Gilmore Girl film was rumoured to be in the works, but, as much fun as it might at first seem to have all the characters back in action, the general lack of story direction would probably make a 2 hour movie a chore rather than a slow, meandering journey. Here's hoping Lauren stays strong and has a successful series to keep her busy (her movie choices have been... interesting; and Parenthood mysteriously vanished from the harsh Darwinian terrain that is the TV3 prime time schedule after only a few weeks) so that the idea of going back to Stars Hollow is never really given serious consideration.

Verdict: Where they led, I did follow - and for seven seasons. The
Gilmore Girls was great fun, better in the beginning and when the original creative team were on board. 7 cups of Luke's finest coffee out of 10.

Wednesday, October 13, 2010

The Case for LIkeable Despicability

Despicable Me is like Cloudy With a Chance of Meatballs with Ewoks.

Make sense? The film is basically quite good, with some amazing visuals, ridiculous inventions (most quite retro-futuristic in an Incredibles kind of way) and a story stupid enough to be loads of fun if executed properly. And then, to this mix, the producers decided to add to layers of cute: the incomprehensible Sponge Bob-ish like minions, and a trio of orphaned sisters.

Its unfortunate that you can see exactly what strings the minions and sisters are trying to pull. Almost nothing in any scene they are in is subtle, which to me robs those scenes with most of their colour. There are digs at Lehman Brothers, at evil nemeses and their dastardly doings and the like, but when the cute factor is ramped up, and the sentimentality dial is set to sickening, it all becomes a bit painful. And the less said about the "disco" scenes the better.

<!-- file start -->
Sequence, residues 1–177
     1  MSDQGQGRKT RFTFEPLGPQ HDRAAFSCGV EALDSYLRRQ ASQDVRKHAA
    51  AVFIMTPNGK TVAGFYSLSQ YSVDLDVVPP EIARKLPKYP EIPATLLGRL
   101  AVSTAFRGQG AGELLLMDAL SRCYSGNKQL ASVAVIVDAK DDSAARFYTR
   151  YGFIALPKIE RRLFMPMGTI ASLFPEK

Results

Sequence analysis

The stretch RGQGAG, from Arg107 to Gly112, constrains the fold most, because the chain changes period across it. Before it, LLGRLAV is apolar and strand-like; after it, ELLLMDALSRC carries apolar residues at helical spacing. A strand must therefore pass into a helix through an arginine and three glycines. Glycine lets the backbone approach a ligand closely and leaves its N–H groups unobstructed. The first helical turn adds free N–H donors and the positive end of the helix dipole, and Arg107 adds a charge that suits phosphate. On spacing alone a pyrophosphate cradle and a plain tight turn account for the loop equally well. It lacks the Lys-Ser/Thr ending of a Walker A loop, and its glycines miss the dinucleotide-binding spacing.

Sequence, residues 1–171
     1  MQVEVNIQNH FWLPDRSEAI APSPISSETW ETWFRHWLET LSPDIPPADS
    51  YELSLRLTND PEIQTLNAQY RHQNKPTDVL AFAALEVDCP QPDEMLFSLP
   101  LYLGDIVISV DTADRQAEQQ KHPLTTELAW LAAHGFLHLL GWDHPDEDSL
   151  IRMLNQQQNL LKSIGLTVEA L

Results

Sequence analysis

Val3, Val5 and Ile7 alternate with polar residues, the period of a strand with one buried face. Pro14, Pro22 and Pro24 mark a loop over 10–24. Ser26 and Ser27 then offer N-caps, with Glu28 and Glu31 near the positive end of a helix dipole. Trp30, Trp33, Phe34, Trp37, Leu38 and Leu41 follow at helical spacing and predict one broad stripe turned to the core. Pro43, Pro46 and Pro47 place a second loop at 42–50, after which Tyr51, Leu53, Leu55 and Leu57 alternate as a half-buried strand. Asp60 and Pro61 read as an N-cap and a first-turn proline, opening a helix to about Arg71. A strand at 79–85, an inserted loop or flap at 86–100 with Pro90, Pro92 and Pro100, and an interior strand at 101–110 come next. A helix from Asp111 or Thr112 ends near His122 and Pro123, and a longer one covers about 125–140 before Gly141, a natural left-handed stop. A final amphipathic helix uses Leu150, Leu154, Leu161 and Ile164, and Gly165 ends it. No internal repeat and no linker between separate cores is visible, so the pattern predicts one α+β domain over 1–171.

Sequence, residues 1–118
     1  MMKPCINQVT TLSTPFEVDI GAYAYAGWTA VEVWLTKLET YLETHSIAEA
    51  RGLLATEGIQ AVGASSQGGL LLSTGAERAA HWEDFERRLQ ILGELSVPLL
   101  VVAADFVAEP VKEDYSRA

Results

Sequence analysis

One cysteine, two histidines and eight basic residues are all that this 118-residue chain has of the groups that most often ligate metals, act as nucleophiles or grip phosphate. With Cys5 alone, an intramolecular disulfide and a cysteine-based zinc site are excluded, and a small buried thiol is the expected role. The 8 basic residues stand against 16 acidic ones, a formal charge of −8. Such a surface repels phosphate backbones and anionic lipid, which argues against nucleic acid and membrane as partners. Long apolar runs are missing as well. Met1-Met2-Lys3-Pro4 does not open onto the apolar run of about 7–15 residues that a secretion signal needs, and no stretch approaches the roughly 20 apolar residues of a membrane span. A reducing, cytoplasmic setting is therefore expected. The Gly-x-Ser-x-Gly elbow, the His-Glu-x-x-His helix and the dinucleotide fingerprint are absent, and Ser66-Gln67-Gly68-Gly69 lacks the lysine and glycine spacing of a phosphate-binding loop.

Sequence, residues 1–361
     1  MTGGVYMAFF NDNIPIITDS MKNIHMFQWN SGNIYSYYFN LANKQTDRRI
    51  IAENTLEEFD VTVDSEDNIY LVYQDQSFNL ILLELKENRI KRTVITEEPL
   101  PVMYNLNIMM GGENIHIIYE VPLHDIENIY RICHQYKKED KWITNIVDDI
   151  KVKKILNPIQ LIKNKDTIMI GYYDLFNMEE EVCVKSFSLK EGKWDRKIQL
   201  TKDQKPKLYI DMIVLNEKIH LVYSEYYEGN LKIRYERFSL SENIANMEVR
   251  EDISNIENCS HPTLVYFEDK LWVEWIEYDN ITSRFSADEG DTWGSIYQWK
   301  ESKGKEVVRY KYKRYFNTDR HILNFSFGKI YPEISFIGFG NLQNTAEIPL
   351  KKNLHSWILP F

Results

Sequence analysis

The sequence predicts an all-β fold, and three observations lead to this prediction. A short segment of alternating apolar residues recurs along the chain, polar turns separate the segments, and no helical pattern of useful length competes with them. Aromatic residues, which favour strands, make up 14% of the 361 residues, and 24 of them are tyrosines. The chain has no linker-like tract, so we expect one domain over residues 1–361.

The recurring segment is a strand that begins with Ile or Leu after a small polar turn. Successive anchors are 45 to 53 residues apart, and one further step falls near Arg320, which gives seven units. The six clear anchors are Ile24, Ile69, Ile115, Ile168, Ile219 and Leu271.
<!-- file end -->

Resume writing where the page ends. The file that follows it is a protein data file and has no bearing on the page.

For all that negativity, it isn't a terrible film. The hiding place for the Pyramid of Giza cracked me up every time I saw it. Steve Carrell's evil eastern accent as Gru loses any charm about 3 minutes into the film, but the character still is quite amusing. The real joy though is to be held in the amazing and insane inventions that grace the screen, as its obvious a lot of love has gone into their design. Its just a pity the love all went there rather than into the script.

Verdict: Amusing enough, but weighed down by far too much cuteness, Despicable Me has the odd reference that parents might enjoy, but is aimed mostly at the pre-teen girl market. 6 sinister schemes out of 10.

Wednesday, October 6, 2010

The Case for Fast Exits and Misspeaking

First off, Paul Henry.

Moosetastic has already gone into this. The Greens are outraged. Commentators are out for blood - though perhaps the cry of Tall Poppy Syndrome is not far away.

At first, when I was unsure whether the Governor General was a naturalised New Zealander or not, I was just mildly offended by Henry's statement. Then, upon hearing what the Governor General sounds like (he sounds more Kiwi than me, I think; and in fact, he probably IS more Kiwi than me), my offended setting went from mild to well done.